May 7, 2013 10.40 am This story is over 131 months old

GPs call for Lincolnshire children to get MMR jab

Staying healthy: Parents with unvaccinated children are being encouraged to get the MMR jab from their local GP.

Due to a recent increase in measles cases across the country, Lincolnshire County Council and GPs are encouraging parents of unvaccinated or partially-vaccinated children to get the MMR jab.

As part of a catch-up campaign for 10 to 16-year-olds by government, Public Health England and Lincolnshire County Council are sending letters to parents.

The letters will only be sent to parents with children who are not fully vaccinated, inviting them to get the MMR jab at their local GP surgery.

It takes two doses of MMR to be fully vaccinated against measles. It is thought around 10,000 children in Lincolnshire have not received any or all of the doses.

If children have had measles in the past, they should still have the measles vaccine.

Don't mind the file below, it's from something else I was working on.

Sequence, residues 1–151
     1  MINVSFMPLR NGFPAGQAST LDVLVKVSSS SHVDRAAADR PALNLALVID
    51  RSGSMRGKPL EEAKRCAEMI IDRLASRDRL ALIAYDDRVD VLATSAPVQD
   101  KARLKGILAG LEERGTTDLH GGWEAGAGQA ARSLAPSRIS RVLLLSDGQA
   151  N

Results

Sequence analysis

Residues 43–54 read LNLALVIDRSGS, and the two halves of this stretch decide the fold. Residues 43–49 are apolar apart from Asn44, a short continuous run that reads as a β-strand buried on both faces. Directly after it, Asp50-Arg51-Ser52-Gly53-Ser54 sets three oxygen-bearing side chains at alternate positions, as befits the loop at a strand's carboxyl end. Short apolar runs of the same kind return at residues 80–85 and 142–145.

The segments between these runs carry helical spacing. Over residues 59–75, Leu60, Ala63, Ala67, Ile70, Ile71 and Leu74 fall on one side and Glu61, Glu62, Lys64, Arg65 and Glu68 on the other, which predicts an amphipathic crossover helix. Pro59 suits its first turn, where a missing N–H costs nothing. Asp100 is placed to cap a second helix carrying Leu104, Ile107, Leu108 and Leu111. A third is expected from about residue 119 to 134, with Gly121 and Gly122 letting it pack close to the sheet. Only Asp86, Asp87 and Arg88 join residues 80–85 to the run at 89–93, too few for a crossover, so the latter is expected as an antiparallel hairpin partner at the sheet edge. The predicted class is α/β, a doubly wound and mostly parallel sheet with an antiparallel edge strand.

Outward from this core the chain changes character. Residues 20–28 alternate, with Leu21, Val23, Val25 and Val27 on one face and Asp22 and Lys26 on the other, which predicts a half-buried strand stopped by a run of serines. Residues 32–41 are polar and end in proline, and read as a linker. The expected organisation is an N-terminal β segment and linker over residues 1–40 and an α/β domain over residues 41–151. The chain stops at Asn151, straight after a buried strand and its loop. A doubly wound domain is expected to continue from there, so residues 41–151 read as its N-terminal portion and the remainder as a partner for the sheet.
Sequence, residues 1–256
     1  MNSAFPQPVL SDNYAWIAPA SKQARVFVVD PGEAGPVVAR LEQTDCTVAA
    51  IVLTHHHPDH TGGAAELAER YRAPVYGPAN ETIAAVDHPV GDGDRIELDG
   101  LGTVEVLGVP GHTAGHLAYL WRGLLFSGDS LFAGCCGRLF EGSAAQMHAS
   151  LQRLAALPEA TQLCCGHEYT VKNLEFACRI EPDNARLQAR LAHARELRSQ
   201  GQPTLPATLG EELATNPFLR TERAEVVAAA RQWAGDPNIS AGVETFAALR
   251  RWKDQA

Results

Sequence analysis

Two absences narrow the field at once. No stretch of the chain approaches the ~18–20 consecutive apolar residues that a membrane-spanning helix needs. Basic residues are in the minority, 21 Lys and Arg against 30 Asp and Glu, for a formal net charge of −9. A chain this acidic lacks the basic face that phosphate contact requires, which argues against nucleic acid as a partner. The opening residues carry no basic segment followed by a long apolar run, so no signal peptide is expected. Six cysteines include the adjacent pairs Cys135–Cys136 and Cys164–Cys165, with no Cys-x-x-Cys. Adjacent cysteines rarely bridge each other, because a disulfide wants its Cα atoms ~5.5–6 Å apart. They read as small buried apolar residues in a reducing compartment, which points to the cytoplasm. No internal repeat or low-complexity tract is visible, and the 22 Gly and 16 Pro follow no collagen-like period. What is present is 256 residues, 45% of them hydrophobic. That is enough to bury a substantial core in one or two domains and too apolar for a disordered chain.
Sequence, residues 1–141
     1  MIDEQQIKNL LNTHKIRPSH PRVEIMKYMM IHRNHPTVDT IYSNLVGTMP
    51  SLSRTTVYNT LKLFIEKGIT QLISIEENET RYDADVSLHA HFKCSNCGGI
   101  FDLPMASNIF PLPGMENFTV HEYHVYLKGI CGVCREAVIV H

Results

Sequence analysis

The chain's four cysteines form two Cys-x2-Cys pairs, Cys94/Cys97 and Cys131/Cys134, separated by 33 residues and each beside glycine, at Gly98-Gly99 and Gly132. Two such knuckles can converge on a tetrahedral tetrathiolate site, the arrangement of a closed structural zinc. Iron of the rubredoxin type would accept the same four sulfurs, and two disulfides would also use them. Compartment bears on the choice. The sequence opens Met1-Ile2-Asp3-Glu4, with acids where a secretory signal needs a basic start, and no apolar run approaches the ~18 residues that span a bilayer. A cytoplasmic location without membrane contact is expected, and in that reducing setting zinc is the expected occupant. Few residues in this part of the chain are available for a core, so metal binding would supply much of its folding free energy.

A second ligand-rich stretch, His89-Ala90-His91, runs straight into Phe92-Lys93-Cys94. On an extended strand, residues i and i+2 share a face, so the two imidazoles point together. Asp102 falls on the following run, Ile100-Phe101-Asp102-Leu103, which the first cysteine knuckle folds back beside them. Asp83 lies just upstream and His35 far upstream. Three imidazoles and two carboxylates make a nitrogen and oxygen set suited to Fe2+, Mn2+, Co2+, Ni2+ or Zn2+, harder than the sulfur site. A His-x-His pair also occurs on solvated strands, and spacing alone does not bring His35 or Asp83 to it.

Dr Tony Hill, Director of Public Health at the County Council, said: “Measles is a very serious and highly infectious illness.

“The best way to prevent an outbreak in Lincolnshire is to ensure children and young people have had both doses of the MMR vaccine that they need.

“GPs will be writing to parents of those aged 10 to 16, as this age group has a low take-up of the vaccine and has seen an increase in cases of measles as a result. However, if anyone is unsure if they have been vaccinated we strongly urge them to ask their General Practitioner.

“If you have chosen not to have the vaccination for yourself or your child in the past, it’s not too late to change your mind and have it now. Vaccinations are safe and effective.”

Measles is a highly infectious viral illness which can be very unpleasant and possibly lead to serious complications, including blindness and even death.

The illness is now rare in the UK due to the effectiveness of the MMR vaccination, but experts believe the recent rise in measles cases is mostly because of the number of children who missed out on immunization in the late 1990s and early 2000s.

In that period, some parents stopped immunising their children due to the controversy around the vaccine stirred by a study, which was later described as “the most damaging medical hoax of the last 100 years”.